American skies are about to get a little more crowded in the future as drone flight become more common place.
I found a spot in the Chicago area that I thought would have a fair amount of movement. In this case the Chicago River just off of Michigan Ave.
I composed my shot and fired off a test shot. A review on the LCD screen would have my making some slight composition adjustments. I noticed some movement on the left side of the frame coming from building window washers. They had to be included. Few clouds in the skies meant that I would not give the sky much of the frame as that movement would be minimal.
I checked my focus by using the camera’s “Live View” mode enlarged to its maximum.
I turned off the camera’s Auto Focus.
I set my camera to take small RAW files just in case I wanted to change white balance in post processing.
I set the lens’ Optical Stabilization to on because of my being setup on a bridge that vibrated under heavy traffic.
I would also hang a heavy camera bag on the tripod hook for added stability.
I set my Intervalometer to begin shooting in 5 seconds. Subsequent shots would occur every 4 seconds.
855 shots later and I’m ready for that digital darkroom.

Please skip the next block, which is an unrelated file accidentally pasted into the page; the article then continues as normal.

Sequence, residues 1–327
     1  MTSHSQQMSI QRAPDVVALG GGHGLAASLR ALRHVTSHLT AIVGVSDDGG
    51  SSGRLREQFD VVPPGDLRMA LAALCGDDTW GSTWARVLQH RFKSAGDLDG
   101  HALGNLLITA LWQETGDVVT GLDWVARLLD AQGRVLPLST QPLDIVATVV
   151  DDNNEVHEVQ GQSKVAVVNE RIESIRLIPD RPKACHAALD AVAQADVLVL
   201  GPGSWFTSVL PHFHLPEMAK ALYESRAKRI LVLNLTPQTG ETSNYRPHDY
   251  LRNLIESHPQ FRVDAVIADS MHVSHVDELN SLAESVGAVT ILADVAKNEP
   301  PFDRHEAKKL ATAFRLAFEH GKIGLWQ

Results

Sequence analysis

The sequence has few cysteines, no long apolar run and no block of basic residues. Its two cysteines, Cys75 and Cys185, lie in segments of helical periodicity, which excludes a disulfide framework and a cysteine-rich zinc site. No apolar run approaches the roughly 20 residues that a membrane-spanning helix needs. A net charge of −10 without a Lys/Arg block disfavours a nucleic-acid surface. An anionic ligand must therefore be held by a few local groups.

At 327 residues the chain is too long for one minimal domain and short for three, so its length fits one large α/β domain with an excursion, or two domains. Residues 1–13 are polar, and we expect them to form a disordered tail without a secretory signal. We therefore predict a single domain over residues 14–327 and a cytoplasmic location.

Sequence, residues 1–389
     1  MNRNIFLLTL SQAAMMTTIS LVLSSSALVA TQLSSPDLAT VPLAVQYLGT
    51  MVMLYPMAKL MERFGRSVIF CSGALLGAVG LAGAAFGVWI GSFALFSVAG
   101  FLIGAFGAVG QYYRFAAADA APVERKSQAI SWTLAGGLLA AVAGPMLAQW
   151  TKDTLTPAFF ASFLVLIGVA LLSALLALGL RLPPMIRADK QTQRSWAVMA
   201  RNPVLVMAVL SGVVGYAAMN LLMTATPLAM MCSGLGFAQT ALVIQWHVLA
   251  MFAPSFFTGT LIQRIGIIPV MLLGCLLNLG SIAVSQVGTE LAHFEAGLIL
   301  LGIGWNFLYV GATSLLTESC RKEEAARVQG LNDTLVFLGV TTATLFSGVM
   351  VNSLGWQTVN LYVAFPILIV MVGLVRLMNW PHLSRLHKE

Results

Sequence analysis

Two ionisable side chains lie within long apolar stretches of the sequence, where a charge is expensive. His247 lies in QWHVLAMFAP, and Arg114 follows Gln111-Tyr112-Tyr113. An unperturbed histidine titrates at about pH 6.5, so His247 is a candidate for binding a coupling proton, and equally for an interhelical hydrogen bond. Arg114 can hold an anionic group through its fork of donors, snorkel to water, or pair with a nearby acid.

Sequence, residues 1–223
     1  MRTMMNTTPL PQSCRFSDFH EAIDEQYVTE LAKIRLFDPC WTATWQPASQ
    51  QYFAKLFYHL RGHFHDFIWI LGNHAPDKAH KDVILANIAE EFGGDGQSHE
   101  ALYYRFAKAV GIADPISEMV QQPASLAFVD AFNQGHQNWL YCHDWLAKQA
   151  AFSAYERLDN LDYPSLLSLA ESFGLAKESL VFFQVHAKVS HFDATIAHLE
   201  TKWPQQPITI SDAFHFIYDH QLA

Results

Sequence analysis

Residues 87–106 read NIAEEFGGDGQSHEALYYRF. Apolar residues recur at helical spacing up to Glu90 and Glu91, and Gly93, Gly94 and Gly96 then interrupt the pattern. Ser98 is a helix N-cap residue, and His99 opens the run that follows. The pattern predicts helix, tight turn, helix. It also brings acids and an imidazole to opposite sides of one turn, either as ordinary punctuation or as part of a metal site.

In the Digital Darkroom
Once downloaded to the computer, shots can be imported into Lightroom.
Edit one image and “sync” other other shots to the recipe.
Export finished shots into iMovie or some other movie making software.
Save your finished movie and export to your favorite site or to your computer.
On August 28, 2013 Governor Pat Quinn signed into law the Illinois Drone Regulation Bill amidth privacy concerns.
Sponsored by Senator Daniel Biss and backed by the American Civil Liberties Union, the new law requires law enforcement to get a search warrant before they can legally collect information using unmanned drones. This law does not apply to the Department of Homeland Security as they use drone surveillance to deal with terrorist threats.
In the coming years , tens of thousands civilian drones are expected in U.S. skies. Future laws are all but inevitable amidth privacy concerns. One can only hope that future legislation takes a common sense approach.
I have had personal interaction with Chicago law enforcement. They have prohibited me from launching my drone in the downtown area. No mention of law, just that they would not permit me to fly. I did abide by their wishes out of convenience. Though I did feel they were just pushing their weight around rather than enforcing a law. I wondered if they might attach my flight to some other law. Seems to me like Chicago has got much bigger fish to fry. If you’re in the Chicagoland area simply turn on the 10:00 news and you’ll know what I mean.